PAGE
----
Tiger's indiscretions put networks in a hole
Tiger Woods isn't the only who is going to take a financial hit for his indiscretions. Odds are the broadcast and cable networks that count on him for big ratings will also feel his pain, at least in the near term.
Woods, who last week said he was taking a break from golf after revelations about what he likes to do when he's not on the back nine became public, is to golf what Michael Jordan was to basketball: a player who is bigger than the game. Though hard-core golf fans won't turn away just because Tiger isn't playing, the casual fan might. That means smaller audiences, which means less advertising dollars.
Most hurt by Woods' hiatus to heal will be CBS, which carries the Masters, as well as the PGA Championship. NBC also will be stung because it has the U.S. Open. ESPN carries the British Open, which is the least popular of the so-called four major tournaments. Time Warner's TNT carries some PGA golf and, of course, Comcast's the Golf Channel has 150 tournaments it covers.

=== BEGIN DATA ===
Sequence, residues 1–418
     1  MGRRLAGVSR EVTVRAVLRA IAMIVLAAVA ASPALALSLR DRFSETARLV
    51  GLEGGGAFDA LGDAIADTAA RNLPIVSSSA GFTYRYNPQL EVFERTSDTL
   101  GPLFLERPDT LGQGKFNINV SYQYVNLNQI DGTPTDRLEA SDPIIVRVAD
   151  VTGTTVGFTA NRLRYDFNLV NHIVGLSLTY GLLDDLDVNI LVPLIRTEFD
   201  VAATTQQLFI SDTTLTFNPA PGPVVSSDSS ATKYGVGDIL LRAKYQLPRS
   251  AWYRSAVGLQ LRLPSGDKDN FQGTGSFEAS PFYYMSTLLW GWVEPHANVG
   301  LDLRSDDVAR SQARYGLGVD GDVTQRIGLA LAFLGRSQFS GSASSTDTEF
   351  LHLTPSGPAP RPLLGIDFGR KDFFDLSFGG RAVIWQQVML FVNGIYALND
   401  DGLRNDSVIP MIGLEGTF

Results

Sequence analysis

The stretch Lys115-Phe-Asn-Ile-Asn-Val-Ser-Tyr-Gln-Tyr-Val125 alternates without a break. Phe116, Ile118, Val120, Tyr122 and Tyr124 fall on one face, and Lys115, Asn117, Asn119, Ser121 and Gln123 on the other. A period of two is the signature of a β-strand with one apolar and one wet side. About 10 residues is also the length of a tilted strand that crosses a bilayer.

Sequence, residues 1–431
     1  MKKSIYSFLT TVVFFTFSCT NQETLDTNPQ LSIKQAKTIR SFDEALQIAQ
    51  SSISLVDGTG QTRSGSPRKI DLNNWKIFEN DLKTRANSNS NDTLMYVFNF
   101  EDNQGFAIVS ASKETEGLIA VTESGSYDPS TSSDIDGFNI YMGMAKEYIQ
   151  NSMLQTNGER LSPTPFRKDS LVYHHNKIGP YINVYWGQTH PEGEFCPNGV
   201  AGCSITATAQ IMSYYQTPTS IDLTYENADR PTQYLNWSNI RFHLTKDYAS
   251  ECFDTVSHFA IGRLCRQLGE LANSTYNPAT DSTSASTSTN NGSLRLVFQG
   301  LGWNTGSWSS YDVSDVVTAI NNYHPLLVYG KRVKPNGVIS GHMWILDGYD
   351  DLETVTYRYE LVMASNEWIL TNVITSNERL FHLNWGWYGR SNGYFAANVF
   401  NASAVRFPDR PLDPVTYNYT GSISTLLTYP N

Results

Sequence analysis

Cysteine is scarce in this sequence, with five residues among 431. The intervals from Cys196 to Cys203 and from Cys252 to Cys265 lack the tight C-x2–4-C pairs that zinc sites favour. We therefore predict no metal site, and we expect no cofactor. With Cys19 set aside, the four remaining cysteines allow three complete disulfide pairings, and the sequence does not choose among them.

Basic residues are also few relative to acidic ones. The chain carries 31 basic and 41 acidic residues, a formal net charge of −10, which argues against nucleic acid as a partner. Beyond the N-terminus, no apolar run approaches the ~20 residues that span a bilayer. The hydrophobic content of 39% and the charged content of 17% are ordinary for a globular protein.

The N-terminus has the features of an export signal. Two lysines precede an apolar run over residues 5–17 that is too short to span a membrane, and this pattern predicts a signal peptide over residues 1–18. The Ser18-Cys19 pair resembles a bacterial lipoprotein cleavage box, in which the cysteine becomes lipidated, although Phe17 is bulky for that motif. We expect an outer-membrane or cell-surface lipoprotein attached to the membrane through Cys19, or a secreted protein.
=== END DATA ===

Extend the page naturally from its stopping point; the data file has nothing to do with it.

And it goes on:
Although Woods has done a lot of damage to his image and his marriage, the damage to TV may be short-lived. Odds are he'll be back before too long -- and remember, Woods only plays in about 14 or 15 of the roughly 50 PGA events a year. He also plays in the Masters and the U.S. Open. In other words, there is already a lot of golf on TV that does not feature Woods.
Though rights fees for football and baseball are common knowledge in the industry, golf rights are kept very close to the vest. CBS's deal for the Masters is renewed annually, and for the network it is primarily a prestige event. The British Open costs ESPN about $25 million a year, according to Sports Business Journal. CBS and NBC's PGA deals don't expire until 2012, so it's way too soon to speculate on whether their value will drop when it's time to renegotiate.
Pali Research analyst Rich Greenfield said Woods' personal woes mean a drop in value for Comcast's Golf Channel. We're not so sure. Although Golf Channel doesn't exactly scream this from the hills, most of the events it carries are smaller and Woods is not a regular presence on the network.
"We have a core audience that comes to watch golf no matter who is playing," said Golf Channel spokesman Dan Higgins. "Tiger didn't play a full schedule in 2008 or 2009, so we've gone through this before."
For all the talk about what Woods' break will mean to golf ratings, think about how huge the number will be when he comes back. And if the numbers are big, we have a hunch some of those sponsors so concerned about their image being hurt by being affiliated with Woods, will also return.
-- Joe Flint
Photo: Tiger Woods and his wife Elin Nordegren in happier times. Credit: Karen Bleier/AFP/Getty Images.